The accounting profession’s soothsayers are predicting that disruption is coming at us with the speed of a runaway locomotive. Barry Melancon, president of the AICPA, has repeatedly said the accounting profession will be unrecognizable in 5-10 years. Michael Platt, Principal of INSIDE Public Accounting, stated last week at The Rainmaker Companies’ SuperConference, “We’ll see more change in the next 50 months that we saw in the last 50 years.”
The messaging is clear. Those who are keeping an eye on the profession as a whole can barely contain their excitement as they consider the opportunities for accountants who are poised to leave the basic accounting functions to artificial intelligence and souped up computer programs and start doing something meaningful, like using the expertise they were trained for in college and in all of the myriad continuing education hours they’ve logged.
I sense a little bit of left hand not talking to the right hand as we go down this path of uber-automation, and no, I’m not referring to taxicab substitutes, although this disruption has indeed been referred to as the uberization of the accounting profession. What concerns me is more of a first world/third world scenario where you have one segment of the world (or in this case, the accounting profession), racing ahead, using the latest gadgets, tapping apps on their ever-smarter phones to adjust the lights and the thermostats in their vacation beach condos, while a large percentage of the world is still hunting for dinner and hoping the beasts don’t eat them first.
Results of the AICPA 2017 PCPS CPA Firm Top Issues survey support the findings that accountants are striving, reaching, yearning, to be more tech savvy, frustrated that they don’t like any of the potential job candidates who come in for interviews, more frustrated when those they do hire get bored and don’t feel loyal to their jobs or employers, and irritated that the government keeps making up new rules that impact financial reporting. But surveys don’t always give the full picture. When we take a survey of readers at CPA Practice Advisor, or when the AICPA surveys its members, or various other organizations survey those accountants who are on their mailing lists, we’re reaching the people who are already at least somewhat tuned into the profession, reading about the changes on which we all report, being bombarded with new technological wonders, and working on the premise that life as we knew it is being upended.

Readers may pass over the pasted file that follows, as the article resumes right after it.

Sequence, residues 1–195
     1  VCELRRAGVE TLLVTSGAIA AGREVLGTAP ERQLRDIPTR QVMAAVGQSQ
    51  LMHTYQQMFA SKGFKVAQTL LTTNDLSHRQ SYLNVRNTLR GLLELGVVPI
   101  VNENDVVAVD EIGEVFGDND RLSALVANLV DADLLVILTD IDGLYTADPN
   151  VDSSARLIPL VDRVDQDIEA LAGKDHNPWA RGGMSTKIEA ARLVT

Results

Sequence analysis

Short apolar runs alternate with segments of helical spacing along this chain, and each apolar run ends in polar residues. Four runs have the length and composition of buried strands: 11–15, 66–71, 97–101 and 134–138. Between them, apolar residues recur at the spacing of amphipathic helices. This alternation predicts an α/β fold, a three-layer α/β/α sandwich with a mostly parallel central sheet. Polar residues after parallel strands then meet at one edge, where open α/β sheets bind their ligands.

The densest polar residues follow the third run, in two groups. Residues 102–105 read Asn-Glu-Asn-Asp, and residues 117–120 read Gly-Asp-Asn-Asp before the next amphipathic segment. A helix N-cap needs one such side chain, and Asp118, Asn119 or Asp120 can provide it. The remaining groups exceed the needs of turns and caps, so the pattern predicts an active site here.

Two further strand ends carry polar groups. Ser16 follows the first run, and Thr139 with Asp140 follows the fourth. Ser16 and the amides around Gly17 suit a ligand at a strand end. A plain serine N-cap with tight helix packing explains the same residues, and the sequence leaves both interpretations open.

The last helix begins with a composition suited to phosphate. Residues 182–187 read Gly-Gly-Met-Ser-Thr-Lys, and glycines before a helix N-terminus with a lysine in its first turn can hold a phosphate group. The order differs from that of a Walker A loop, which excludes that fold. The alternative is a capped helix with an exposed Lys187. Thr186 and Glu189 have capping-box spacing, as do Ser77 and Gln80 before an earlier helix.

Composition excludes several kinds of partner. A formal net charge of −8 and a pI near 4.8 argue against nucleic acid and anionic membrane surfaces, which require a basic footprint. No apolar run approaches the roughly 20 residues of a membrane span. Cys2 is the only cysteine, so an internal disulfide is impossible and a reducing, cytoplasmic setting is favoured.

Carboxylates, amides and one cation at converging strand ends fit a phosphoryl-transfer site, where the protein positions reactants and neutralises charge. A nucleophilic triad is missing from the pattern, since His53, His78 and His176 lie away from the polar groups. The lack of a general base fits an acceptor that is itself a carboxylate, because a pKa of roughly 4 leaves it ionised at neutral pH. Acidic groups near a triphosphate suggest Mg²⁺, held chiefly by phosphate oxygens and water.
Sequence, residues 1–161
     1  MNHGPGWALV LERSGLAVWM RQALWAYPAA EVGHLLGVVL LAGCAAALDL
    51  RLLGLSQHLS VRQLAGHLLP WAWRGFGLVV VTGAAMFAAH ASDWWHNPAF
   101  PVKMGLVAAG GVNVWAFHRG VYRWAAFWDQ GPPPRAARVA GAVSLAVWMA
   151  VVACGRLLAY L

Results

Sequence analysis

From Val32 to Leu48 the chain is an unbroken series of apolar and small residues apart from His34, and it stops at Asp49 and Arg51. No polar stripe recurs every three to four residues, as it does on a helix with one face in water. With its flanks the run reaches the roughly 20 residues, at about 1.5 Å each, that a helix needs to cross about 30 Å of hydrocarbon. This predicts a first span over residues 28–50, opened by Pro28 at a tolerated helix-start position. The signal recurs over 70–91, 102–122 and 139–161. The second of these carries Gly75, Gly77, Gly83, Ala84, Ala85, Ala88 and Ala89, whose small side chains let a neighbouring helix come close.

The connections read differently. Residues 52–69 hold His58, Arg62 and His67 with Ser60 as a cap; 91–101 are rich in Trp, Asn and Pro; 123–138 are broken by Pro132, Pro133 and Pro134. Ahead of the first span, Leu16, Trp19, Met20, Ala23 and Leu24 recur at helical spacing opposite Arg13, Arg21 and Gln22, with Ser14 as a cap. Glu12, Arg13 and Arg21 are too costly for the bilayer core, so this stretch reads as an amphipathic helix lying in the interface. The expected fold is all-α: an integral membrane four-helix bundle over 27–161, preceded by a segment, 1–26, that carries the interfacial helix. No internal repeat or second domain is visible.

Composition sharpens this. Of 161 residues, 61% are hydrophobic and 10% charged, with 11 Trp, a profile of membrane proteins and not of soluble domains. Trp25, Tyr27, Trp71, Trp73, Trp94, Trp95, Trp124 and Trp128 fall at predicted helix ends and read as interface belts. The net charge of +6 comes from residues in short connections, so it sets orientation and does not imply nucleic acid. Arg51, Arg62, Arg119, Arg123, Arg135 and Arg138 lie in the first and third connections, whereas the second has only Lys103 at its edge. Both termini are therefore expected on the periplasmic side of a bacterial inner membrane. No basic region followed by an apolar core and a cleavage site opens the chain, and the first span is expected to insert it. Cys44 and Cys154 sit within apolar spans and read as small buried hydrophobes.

But truthfully, those surveys, to a large extent, are more likely than not asking for feedback from the people who are making the waves in the first place, because it’s the online connected crowd that receives the surveys and answers the questions. So there has to be a large amount of, “Mm-hmm, I agree, that’s what’s happening,” when actually the survey-takers are the ones who gave us the ideas for the questions in the first place. Do you see the circular loop in which we find ourselves?
We’re collecting information from accountants who define progress by the number of nano-CPE credits they can squeeze into a day. Modern world accounting pundits listen to the latest podcasts and TED talks from Silicon Valley programmers and self-declared visionaries that take a sound bite and turn it into the meaning of life. How many accountants are out there, across the plains and the deserts and the mountains, and beyond our shores, who are serving their clients well by continuing processes that have been handed down by generations, and who will continue to survive without even hearing the names of those prophets that roll off our tongues, like Simon Synek, Richard and Daniel Susskind, Baruch Lev, Daniel Burrus, Michael Gerber, David Maister, Ron Baker – oh the list goes on and on.
Do we really know what the future holds for us? I believe we have the power to define our own future, use the tools we want, make our accounting practices whatever we want them to be. Fearmongering should take a back seat to daydreaming.
See inside June 2018
CCH Axcess iQ: Wolters Kluwer Empowers Firms to Thrive in a World of Change
Wolters Kluwer has developed a new product called CCH Axcess iQ, described as a Predictive Intelligence tool. “We know about the trends,” said McGinnis. “People are moving from compliance to advisory services, moving up the value chain and creating ...